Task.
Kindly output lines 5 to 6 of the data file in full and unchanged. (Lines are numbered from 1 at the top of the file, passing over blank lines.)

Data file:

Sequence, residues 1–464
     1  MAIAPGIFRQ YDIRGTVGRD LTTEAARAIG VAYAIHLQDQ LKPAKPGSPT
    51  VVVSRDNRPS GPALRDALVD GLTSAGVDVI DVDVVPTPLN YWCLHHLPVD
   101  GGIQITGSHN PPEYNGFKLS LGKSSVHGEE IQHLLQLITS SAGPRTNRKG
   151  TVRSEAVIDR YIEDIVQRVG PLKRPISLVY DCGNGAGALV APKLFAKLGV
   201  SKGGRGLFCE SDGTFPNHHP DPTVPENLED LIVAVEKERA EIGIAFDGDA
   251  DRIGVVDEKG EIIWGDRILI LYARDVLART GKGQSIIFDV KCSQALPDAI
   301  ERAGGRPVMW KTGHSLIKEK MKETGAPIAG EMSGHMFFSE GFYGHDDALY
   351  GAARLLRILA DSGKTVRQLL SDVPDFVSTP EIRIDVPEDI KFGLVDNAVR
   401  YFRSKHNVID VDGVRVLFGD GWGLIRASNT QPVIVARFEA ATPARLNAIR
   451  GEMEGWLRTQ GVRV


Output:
   151  TVRSEAVIDR YIEDIVQRVG PLKRPISLVY DCGNGAGALV APKLFAKLGV
   201  SKGGRGLFCE SDGTFPNHHP DPTVPENLED LIVAVEKERA EIGIAFDGDA